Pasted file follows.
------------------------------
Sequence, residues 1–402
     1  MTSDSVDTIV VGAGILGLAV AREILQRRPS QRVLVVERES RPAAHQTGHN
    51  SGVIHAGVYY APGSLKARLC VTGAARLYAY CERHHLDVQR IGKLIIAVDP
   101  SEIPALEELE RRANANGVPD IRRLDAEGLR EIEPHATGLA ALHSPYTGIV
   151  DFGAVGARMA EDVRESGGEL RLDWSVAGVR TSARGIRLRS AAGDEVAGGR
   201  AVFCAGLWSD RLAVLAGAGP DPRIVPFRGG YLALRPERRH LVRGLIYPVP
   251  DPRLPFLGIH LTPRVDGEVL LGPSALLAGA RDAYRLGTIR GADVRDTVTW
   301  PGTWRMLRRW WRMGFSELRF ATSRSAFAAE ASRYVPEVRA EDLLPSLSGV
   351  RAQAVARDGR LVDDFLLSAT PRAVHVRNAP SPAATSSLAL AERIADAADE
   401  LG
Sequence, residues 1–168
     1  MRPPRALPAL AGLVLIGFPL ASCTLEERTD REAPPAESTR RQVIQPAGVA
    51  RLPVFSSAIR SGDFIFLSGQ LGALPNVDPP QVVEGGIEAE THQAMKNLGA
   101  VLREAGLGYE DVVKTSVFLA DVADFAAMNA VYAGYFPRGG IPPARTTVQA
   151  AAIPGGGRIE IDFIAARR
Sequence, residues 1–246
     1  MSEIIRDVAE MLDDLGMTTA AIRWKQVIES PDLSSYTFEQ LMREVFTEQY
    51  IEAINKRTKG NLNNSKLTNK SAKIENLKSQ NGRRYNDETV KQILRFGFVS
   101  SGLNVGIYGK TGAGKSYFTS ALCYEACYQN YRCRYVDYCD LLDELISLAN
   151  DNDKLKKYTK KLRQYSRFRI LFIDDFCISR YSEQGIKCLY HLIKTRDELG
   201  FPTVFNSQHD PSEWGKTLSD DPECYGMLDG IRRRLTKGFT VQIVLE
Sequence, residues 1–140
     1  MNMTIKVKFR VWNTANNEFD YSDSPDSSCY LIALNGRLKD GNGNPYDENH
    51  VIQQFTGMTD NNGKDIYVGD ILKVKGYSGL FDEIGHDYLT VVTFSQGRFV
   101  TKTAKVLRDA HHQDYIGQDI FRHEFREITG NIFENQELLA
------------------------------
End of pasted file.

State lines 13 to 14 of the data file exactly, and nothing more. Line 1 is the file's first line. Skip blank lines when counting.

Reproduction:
    51  RLPVFSSAIR SGDFIFLSGQ LGALPNVDPP QVVEGGIEAE THQAMKNLGA
   101  VLREAGLGYE DVVKTSVFLA DVADFAAMNA VYAGYFPRGG IPPARTTVQA